In 'Control Room,' The Splitting Image Of War Coverage
By Philip Kennicott
Jehane Noujaim, an Egyptian American filmmaker at home in two cultures, observed a war with dramatically different meanings in each of them.
She was in Doha, Qatar, hanging out with journalists when a statue of Saddam Hussein was pulled from its plinth in Baghdad by American soldiers, an iconic moment in the war in Iraq. Through the lens of her video camera, at the media center set up by U.S. Central Command, she watched as Western journalists laughed and cheered. But things were very different at al-Jazeera, the pioneering Arab television network, where the mood was morbid. 'They were asking, 'Where is the Republican Guard? Where is the Iraqi army? Even though we hate Saddam, it is embarrassing to be ripping apart a statue in front of the whole world.' ' "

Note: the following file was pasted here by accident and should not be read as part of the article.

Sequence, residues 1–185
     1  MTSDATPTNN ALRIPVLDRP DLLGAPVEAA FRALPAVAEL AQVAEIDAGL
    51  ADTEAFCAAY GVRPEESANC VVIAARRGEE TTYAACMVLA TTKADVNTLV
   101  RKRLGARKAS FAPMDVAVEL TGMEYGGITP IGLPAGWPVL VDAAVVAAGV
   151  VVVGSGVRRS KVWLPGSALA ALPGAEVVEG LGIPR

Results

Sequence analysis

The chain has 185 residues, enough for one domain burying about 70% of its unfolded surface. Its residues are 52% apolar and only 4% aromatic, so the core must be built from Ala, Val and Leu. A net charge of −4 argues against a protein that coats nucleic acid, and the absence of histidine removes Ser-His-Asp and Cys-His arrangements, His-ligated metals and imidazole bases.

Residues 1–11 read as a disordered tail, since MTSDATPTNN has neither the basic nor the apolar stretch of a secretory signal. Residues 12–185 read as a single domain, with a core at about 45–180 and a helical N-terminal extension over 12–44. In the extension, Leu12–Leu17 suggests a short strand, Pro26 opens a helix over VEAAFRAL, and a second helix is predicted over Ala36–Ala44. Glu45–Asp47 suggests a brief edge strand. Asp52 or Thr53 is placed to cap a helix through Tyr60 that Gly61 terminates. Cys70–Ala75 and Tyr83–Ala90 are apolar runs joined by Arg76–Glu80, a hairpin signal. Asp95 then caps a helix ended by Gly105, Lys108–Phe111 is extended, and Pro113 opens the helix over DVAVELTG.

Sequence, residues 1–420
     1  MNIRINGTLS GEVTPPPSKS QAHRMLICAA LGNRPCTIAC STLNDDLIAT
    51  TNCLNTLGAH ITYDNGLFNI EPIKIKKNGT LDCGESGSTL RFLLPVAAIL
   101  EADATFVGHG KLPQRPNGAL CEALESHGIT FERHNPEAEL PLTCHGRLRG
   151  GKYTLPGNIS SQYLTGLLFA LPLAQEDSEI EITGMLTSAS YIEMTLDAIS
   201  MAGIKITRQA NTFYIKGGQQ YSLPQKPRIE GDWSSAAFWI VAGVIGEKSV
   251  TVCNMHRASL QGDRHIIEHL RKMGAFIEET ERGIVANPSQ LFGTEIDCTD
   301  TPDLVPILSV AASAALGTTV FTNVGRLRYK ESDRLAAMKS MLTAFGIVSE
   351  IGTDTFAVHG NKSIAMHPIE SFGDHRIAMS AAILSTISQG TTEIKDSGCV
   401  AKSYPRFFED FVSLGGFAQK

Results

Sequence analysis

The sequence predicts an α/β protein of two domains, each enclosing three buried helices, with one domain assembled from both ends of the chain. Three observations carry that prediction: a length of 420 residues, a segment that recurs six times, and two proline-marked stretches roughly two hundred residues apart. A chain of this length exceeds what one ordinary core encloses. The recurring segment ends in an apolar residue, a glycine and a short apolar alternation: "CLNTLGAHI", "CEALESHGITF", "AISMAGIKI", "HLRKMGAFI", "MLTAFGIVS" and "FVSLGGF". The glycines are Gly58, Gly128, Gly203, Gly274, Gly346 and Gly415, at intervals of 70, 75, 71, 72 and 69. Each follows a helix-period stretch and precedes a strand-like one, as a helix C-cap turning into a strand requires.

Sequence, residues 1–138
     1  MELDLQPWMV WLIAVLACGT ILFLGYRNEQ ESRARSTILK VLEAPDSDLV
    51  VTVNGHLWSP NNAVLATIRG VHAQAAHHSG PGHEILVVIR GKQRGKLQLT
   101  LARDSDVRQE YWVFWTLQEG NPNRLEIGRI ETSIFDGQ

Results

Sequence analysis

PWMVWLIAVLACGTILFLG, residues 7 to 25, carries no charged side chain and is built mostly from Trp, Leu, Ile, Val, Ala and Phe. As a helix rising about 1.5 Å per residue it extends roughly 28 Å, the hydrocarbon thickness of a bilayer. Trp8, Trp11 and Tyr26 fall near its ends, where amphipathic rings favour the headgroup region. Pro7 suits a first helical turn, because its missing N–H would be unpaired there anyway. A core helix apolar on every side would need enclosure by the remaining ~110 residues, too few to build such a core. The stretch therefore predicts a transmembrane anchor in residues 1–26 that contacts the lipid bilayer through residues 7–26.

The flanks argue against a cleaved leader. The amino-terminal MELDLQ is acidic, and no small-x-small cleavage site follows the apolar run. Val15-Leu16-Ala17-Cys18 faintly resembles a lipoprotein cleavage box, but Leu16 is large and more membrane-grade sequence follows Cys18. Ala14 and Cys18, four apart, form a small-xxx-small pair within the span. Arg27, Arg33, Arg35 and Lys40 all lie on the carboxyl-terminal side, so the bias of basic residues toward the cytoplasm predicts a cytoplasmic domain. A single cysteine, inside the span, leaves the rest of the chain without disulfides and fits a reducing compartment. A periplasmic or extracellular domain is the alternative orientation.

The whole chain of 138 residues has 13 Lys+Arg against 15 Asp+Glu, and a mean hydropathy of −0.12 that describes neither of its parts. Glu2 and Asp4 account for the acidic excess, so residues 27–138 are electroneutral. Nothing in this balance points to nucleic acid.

When she needed footage of the Jessica Lynch rescue, another event played over and over by U.S. media, Noujaim went to al-Jazeera's video library and asked. She got a blank look. "They didn't know what the hell we were talking about," says Noujaim.
Artículo completo en Washington Post